As you know, Stil doesn’t speak. He understands language a little, but he forgets the words quickly. He thinks in visions and images. When he reaches out with his mind, he experiences the universe in a way that no human can. His vision is not colored by words. Words are convenient and powerful among humans. Spek is a master of them. But words name things, and in naming them, change the way they appear. Stil can see the Real because he has no words.
So when Stil was standing in the water, reaching out to the sky while Big Head’s person-like creatures were trampling Gen’s grove, what did he see? How did he stop the trampling? When Hawk flew from Stil’s shoulder to Spek’s, what message did she convey without words? This is the story of Stil’s vision, the battle of Gen’s grove from a different perspective.
Stil knew from the image Hawk saw that the Big Head army was traveling to Gen’s grove and that the nature of Big Head and the nature of Gen would clash. Generally, the universe doesn’t care about clashes between life forms or their beliefs. The universe just is. It turns according to its own laws. It has no love or mercy, nor hate either. A beautiful day or a dreadful disaster for humans is just the universe turning. It doesn’t care.
Stil is more like the universe than human. He shouldn’t care what happens, but he does. He has friends. He is an in-between creature, human and not.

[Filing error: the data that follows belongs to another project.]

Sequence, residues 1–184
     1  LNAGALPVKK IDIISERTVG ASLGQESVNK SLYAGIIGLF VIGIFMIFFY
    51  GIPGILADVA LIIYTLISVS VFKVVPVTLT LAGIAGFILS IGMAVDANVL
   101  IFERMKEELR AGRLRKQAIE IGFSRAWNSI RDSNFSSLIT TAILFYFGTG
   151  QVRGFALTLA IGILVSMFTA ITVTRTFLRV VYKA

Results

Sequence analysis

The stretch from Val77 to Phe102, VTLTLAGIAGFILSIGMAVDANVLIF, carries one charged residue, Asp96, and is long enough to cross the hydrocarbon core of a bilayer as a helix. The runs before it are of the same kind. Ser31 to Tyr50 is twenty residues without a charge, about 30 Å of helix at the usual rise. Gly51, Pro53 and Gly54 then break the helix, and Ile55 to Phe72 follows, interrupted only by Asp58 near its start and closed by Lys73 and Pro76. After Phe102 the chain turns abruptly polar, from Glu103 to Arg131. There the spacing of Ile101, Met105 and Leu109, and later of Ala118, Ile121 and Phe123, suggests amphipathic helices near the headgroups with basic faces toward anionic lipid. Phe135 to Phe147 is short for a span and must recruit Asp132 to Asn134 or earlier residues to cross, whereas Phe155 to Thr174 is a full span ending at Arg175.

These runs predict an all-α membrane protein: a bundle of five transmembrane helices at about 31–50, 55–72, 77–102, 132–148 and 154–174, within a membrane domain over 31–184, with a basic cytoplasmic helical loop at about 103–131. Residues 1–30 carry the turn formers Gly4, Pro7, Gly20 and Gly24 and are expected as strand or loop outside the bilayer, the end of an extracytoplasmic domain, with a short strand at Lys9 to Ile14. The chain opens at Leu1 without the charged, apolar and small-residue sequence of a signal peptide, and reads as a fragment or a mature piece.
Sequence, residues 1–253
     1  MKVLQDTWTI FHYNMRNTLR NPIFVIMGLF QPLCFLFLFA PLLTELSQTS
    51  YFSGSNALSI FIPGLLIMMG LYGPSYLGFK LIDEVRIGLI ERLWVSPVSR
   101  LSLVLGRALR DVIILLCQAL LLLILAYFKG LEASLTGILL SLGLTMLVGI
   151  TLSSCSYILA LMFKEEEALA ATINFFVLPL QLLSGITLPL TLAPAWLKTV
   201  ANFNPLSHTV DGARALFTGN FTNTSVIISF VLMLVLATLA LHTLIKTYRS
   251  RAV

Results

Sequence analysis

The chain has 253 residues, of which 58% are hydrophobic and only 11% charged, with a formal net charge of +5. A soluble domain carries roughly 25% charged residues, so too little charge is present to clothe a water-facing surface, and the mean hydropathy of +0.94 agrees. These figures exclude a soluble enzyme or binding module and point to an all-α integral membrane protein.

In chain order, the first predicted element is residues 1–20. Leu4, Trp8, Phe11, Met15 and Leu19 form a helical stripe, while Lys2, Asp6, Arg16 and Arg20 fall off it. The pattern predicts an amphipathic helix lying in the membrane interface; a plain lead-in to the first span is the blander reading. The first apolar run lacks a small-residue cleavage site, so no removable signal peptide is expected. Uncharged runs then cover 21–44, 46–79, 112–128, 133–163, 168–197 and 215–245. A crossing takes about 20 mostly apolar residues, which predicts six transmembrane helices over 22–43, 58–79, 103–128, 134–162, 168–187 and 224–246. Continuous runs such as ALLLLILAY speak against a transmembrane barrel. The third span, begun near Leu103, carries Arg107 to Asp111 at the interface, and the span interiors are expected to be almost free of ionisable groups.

Stil stepped into the water and opened his arms. He reached out with his mind and stopped the person-creatures from moving. That was easy for him because the person-creatures were just parts of Big Head, not fully developed beings with independent wills. Then he reached out to the local universe to see what could be done. Hawk settled on his shoulder.
The sun blazed at the center of the planetary system. The world moved around it, keeping one face toward it and one face away. Farther out, other planets turned. Gravitational bonds flexed and pulled, plucking vibrations, humming and singing, a celestial music that Stil could feel. Stil’s consciousness pulled far away from the grove and the battle. He could see that his world was a new world, experimenting with lifeforms, largely empty, but full of potential while the whole system turned in a vast circular dance. But there was a dancer out of step. He saw a big rock on a path that was going to hit the world, not immediately, and not for a while, but a big change was coming. Stil shouldn’t care, but somehow he felt fear and sadness. He had friends. And he rather liked his world.
What could he do? Change the path of the rock? That would require tremendous energy and skill. Move the world? Even harder. Protect his friends? What would naturally happen is that the world, new as it was, would start over with its life experiments. Stil would have to think.
Stil noticed Fals approaching with the green flags. Stil did not like Fals because Fals deflected thought even further away from the real universe with representations, words, false beliefs, and distorted images. How could a flag change reality? However, Fals seemed to have solved the conflict, at least for the moment, while Stil’s attention was elsewhere. Fals had a kind of power among creatures, at least language-using ones.
Stil sent Hawk to Spek. He sent something of the vision of the universe, but he left out the path of the big rock. His human side did not want Spek and Gen to be afraid. He did not quite understand this feeling. In the scope of the universe, Spek and Gen were quite insignificant. But perhaps the thoughts and feelings of local lifeforms were important in some way. He would find out.